Sunday, 18 November 2012

An interrupted narrative

To be honest I'm not really sure what to blog about this week.

The easy thing would be just to pile in with everybody else putting the boot in Mike Russell but it's difficult to find anything further to say on this baleful episode. It is trite to say the real scandal is the not the original offence but the attempted cover up but on this occasion the reverse is surely the opposite. Thursday's debacle was great entertainment for the political class but the real scandal is that college funding for support for, overwhelmingly, poorer kids is being slashed to try and desperately preserve the middle class perk of free higher education.

On any view this puts the Scottish administration, on this issue, to the right of every other mainstream party in these islands. But then the SNP have always been a bit iffy on education. Derek McKay, don't forget, was the man who, while leader of Renfrewshire Council, regarded teachers as an optional extra in the schools under his then domain. Such anathema was this to the local SNP that they made him a Parliamentary candidate.

But my heart's not really in this Nat bashing and that, I think , is because our wee problems here seem so trivial compared to what is going on in the Middle East.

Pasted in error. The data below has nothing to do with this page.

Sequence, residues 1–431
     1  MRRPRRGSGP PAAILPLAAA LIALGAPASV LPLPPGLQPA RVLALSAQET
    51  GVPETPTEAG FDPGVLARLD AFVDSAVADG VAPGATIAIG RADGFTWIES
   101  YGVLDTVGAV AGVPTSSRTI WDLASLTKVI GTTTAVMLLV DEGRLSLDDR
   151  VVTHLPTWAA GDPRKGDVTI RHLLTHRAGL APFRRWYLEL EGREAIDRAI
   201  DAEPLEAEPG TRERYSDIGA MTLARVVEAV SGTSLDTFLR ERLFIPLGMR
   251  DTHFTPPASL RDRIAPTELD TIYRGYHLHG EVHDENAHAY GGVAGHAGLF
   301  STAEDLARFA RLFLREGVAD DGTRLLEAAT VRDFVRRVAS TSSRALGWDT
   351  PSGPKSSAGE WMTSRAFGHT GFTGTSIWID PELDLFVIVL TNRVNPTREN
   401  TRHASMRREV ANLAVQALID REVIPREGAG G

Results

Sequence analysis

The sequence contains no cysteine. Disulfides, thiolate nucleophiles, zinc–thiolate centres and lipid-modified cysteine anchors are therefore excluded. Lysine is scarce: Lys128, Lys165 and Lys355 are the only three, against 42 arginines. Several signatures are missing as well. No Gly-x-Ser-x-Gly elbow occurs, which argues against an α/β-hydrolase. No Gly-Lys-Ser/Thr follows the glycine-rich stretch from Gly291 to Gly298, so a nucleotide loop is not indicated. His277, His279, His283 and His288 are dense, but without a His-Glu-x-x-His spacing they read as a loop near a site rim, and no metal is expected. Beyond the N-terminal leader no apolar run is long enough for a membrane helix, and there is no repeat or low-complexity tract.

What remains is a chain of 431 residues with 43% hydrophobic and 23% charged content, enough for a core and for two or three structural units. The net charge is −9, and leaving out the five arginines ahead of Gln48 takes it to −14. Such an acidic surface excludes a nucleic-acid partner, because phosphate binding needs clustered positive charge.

But about which I have no magic prescription.

The loss of life is tragic and, of course, the Israeli response  wholly unacceptable in its disproportionality to the provocation. But the provocation was, I'm not reluctant to say, also wholly unacceptable.

The argument just goes round in a circle. It's easy to say that the starting point is the Israeli blockade of Gaza but given the fact that even under that blockade long range missiles have been smuggled in to Gaza from Iran, and then fired randomly into Israel by people who show no inclination to stop such behaviour, it is simply unrealistic to suggest that Gaza should have an open border either.

Then again, while the current Israeli regime shows no real desire to negotiate the two state solution that seems so blindingly obvious to the outside world, what is the incentive for the Palestinians to repudiate those within their own ranks seemingly set on a course of permanent, hopeless, war?

It's just a mess where I defy anybody but the most blinkered of partisans not to accept that there is fault on both sides.

However it can't be the case that the rest of the world community just gives up in despair tempered only by the occasional sorrowful or cautionary word.

And here is where a particular obligation rests with one man, Barack Obama.